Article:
My approach may seem a bit Karate Kid-esque, but if you can grasp the interplay between Google Analytics and Excel, you’ll never be left wondering how to visualize your data.

Although there are many aspects to data visualization, I focus primarily on charting.

Slide 6

In Excel there are two components to charts that are critical to understand: data series and categories. They are always used together.

Think of categories as buckets for your data and data series as the data itself.

Slide 7

If you dumped a pile of Legos in front of a group of kids and told them to organize them by color into their corresponding, labeled containers and then count them, the containers would be categories. And the data series would be the count of Lego bricks.

Slide 8

First let’s peek under the hood on a PC by cracking open the Select Data Source dialog. You get to it by right-clicking on your chart and choosing Select Data.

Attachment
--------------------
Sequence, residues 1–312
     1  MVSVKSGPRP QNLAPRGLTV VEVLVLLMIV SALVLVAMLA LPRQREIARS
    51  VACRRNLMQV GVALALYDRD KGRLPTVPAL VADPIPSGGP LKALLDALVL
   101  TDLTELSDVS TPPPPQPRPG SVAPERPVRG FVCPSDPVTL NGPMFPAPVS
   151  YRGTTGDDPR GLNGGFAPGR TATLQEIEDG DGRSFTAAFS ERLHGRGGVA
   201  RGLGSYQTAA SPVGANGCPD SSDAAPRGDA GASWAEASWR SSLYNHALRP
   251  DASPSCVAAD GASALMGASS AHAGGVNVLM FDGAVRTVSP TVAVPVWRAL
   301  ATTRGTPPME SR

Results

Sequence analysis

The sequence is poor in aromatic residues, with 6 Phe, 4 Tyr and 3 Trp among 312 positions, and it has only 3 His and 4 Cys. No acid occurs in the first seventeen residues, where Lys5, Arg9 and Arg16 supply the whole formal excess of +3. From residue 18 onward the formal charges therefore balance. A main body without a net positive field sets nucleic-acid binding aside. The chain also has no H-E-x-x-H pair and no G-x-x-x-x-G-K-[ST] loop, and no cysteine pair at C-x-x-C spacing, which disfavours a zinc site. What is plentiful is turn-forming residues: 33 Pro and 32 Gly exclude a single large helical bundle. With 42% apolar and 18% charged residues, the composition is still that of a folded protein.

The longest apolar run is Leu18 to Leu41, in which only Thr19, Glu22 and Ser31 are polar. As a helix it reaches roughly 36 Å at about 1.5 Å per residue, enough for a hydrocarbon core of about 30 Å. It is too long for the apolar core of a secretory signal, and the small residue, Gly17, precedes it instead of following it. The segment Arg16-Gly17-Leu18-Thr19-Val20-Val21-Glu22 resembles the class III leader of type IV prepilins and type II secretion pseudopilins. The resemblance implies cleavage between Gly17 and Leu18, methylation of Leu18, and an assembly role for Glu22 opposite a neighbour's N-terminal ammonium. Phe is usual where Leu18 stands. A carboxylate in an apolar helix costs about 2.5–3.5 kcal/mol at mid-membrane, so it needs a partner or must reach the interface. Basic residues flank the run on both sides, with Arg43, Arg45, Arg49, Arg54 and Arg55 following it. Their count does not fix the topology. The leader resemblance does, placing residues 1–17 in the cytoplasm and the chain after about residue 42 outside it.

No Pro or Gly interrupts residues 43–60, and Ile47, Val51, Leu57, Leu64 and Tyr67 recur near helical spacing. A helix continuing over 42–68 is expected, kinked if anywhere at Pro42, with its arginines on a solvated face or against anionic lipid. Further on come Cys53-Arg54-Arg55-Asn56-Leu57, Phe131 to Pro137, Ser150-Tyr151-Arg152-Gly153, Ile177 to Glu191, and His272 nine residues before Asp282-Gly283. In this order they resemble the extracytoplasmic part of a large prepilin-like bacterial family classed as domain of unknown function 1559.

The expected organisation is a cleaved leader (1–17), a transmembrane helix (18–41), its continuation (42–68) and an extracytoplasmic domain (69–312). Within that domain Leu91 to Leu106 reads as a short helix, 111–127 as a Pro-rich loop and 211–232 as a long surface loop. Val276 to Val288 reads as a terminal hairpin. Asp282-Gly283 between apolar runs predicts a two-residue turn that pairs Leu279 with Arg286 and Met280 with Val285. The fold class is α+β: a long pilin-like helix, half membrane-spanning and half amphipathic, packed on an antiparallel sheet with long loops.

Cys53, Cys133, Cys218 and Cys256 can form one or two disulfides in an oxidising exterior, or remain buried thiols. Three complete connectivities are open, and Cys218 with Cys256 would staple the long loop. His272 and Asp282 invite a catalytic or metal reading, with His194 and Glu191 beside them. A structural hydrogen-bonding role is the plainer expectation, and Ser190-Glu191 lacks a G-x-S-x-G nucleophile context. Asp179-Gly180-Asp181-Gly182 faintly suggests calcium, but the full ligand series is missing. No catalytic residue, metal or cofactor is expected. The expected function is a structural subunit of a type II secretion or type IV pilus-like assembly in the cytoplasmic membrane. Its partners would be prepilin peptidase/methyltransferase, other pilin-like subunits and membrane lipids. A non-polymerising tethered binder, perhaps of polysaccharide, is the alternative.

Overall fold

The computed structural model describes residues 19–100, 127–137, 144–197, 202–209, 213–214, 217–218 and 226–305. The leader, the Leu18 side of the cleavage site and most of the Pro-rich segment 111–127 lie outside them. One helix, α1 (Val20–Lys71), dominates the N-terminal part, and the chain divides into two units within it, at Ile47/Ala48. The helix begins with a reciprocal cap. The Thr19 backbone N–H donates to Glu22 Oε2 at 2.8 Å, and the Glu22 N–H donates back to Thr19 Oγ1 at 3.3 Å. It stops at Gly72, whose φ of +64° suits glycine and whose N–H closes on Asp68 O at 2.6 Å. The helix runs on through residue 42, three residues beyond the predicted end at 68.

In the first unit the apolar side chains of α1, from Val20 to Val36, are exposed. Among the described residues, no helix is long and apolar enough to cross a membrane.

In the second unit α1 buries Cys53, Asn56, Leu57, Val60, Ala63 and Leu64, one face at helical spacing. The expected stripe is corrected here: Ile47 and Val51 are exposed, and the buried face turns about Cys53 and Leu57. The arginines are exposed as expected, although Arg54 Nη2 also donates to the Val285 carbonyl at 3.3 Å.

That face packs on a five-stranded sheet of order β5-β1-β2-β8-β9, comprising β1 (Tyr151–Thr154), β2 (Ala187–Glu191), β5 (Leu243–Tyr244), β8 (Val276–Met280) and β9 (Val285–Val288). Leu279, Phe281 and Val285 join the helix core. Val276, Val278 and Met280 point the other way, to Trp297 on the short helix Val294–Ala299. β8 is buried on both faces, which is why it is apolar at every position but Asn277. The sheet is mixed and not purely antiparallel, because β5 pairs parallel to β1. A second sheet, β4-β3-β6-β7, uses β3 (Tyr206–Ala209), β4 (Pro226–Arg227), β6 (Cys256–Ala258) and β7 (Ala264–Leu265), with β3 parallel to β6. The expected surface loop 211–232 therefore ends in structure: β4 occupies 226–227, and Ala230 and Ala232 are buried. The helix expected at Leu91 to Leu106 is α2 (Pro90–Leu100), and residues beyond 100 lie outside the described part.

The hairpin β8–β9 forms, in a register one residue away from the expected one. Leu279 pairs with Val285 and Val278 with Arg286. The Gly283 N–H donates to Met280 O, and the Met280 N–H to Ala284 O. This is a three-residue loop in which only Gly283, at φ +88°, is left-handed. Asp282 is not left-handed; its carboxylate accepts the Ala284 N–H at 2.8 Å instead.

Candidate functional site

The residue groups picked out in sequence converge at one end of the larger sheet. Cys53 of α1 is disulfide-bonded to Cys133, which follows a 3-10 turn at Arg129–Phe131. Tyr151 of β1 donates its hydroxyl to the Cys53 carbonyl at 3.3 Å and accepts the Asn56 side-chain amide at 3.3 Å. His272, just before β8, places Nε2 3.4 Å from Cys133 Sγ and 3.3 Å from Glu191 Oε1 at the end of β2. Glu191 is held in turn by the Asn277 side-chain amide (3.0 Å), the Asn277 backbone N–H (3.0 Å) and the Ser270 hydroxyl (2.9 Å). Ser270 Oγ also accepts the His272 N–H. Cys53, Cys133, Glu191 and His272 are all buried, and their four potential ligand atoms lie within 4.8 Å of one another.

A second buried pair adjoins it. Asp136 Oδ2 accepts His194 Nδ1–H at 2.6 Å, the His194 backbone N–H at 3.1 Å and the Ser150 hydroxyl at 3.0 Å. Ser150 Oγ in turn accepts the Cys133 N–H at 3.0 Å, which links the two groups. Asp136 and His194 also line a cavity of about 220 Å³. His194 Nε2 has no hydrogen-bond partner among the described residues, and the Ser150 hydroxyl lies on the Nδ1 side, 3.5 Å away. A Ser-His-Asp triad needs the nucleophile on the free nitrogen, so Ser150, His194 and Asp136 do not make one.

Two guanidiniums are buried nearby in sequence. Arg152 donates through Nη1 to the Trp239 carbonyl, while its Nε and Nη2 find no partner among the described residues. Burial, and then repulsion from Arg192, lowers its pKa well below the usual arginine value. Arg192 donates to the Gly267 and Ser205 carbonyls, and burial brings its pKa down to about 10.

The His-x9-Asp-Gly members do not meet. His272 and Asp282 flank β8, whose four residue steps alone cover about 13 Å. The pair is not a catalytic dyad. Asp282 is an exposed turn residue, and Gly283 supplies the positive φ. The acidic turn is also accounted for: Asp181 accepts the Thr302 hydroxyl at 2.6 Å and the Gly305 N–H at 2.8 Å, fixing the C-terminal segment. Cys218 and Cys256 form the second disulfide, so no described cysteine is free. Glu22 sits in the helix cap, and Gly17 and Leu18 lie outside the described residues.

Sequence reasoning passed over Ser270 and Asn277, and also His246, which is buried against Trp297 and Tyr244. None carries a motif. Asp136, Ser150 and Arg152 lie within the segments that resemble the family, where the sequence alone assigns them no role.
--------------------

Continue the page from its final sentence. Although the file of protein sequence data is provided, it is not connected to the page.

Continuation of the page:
Slide 9

Excel for Mac also has data series on the left and categories on the right. And that’s about all they have in common.

Slide 10

But, as with most features in Excel for Mac, the functionality of the Mac’s Data Source dialog is far inferior to that of the PC.

Slide 11

This sort option is helpful if you have a stacked chart and want to sort the individual data series. I like to put the larger series on the bottom and smaller ones on the top. But if you have a stacked chart on the Mac and you want to reorder the data series, you actually have to delete the series you want demoted and manually add it back in.